Not to be unnecessarily regionally biased or ethnocentric, but if President John Dramani Mahama, while “accounting to the people” in any of the regions outside of his northern territorial strongholds, had made the same grossly untutored remarks that he is widely reported to have made about the political opponents of Ghana’s first postcolonial premier, he would have been promptly and pointedly set aright and put to shame.
And if he were a very responsible and cultured leader he, rather, would have had to apologize and ask for the forgiveness of Nkrumah’s political opponents (See “Shame on Nkrumah Critics – Mahama” Classfmonline.com / Ghanaweb.com 7/9/16).
Let me put this on record, once again, for the umpteenth time, that absolutely no major Ghanaian opposition leader opposed the construction of the Akosombo Dam. If Mr. Mahama really cares to know exactly what transpired in the Legislative Assembly debates on the issue of the Volta River Project or Scheme, he would do himself and his minions great good by reading Dr. David Apter’s book titled Ghana In Transition. The author, who died not very long ago, was a professor at Princeton University, right here in the United States, who was visiting Ghana and present in Parliament House, collecting research material for his book, at the time that these debates took place.
Indeed, about the only objections raised regarding the construction of the Akosombo Dam was the prohibitive cost involved, over which quite a remarkable number of academic papers and dissertations have already been written and published and continue to be written and published on the same subject. You see, Kwame Nkrumah and his politically cynical followers and supporters had a way of making any political opponent who was opposed to some of their extravagant and profligate ways seem like a nation-wrecker. I have personally written quite extensively about the controversy surrounding the construction of the Akosombo Dam. And so if he or any of his supporters and followers care, they could readily Google the subject of the “Akosombo Dam” and my name up. I have also generously referenced my sources, and so they need not worry about the reliability of my account.
We need to also highlight the fact that a lot of far-reaching progressive projects were being undertaken in the country, with the studious and intimate involvement of many Ghanaian leaders as far back as the colonial era before the future Prime Minister Nkrumah appeared on our national political landscape, including the construction, development and administration of the country’s flagship academy, the University of Ghana. We must also underscore the fact that both contemporary and latter-day economists have assessed the cost involved in the construction of the Akosombo Dam by the standards of the time and still believe that the country had been slavishly exploited in the process.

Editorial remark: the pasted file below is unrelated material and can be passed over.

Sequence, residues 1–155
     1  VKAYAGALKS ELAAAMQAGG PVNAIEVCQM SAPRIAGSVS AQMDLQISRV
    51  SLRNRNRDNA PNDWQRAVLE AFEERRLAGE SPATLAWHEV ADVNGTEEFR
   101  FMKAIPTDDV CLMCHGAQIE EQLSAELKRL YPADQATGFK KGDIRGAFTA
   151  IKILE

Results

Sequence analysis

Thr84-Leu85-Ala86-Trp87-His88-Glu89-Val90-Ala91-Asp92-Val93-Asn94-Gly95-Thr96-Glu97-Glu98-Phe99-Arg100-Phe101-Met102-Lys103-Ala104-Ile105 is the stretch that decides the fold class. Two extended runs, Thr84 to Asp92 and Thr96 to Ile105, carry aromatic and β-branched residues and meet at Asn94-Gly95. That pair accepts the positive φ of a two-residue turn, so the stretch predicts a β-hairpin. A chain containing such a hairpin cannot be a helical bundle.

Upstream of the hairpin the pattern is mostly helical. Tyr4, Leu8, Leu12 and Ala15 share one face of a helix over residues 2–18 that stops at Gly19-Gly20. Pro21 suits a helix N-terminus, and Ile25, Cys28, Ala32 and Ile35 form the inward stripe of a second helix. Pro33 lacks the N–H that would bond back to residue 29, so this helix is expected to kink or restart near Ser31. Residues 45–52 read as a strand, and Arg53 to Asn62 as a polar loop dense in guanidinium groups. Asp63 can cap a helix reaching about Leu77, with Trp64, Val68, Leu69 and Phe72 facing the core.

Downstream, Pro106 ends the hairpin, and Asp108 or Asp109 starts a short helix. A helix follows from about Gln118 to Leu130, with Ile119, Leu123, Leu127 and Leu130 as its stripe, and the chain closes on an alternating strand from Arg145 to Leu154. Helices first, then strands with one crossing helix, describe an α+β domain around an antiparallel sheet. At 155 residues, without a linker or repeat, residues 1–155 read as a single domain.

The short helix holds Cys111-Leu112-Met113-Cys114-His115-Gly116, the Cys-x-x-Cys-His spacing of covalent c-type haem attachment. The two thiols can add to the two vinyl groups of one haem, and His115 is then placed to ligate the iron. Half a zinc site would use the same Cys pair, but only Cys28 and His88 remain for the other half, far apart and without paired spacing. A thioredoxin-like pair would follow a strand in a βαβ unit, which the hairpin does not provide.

On the latter count, Dr. J. B. Danquah, the putative Doyen of Gold Coast and Modern Ghanaian Politics is on record as having argued for some of Ghana’s foreign exchange reserves stashed in British banks to be tapped to undertake the construction of the dam, thereby drastically reducing the cutthroat rate of interest demanded by the creditors of the Convention People’s Party’s poorly negotiated contract with the Kaiser family (See L. H. Ofosu-Appiah’s The Life and Times of Dr. J. B. Danquah). To add insult to injury, the Kaiser family, owners of the Volta Aluminum Plant/Company (VALCO), located in the country’s industrial hub of Tema, would be allotted about 80-percent of the energy generated at Akosombo at the cheapest of the globally going rates for some three decades, at the expense of Ghana’s rapid industrial development. In other words, the Akosombo Dam ended up enriching the members of the Kaiser family of California by causing the virtual enslavement of Ghanaian workers for some thirty years, after which the decidedly exhausted Volta Aluminum Plant was handed over to the Ghana government.
On the construction of the Accra-Tema Motorway, what we need to be presently discussing regards the fact of why after 30 years of wielding the reins of governance, the National Democratic Congress (NDC) and its antecedent, the Rawlings-led Provisional National Defense Council (PNDC), has done a diddly little to upgrade the general quality of roads in the country to the level of the Accra-Tema Motorway, and not the frivolous question of who raised Cain in parliament at the time of the construction of the ATM, or who among the members of the opposition vehemently objected to the construction of the project.
It is very obvious that the President and his NDC Abongo Boys and Girls have achieved a piddling little that is worth “accounting to the people” about, which is why Mr. Mahama would so lamely and scandalously resort to rehashing dead news to justify his patently wasteful self-tickling electioneering campaign tour of the country.
By Kwame Okoampa-Ahoofe, Jr., Ph.D.
Garden City, New York
July 9, 2016
E-mail: [email protected]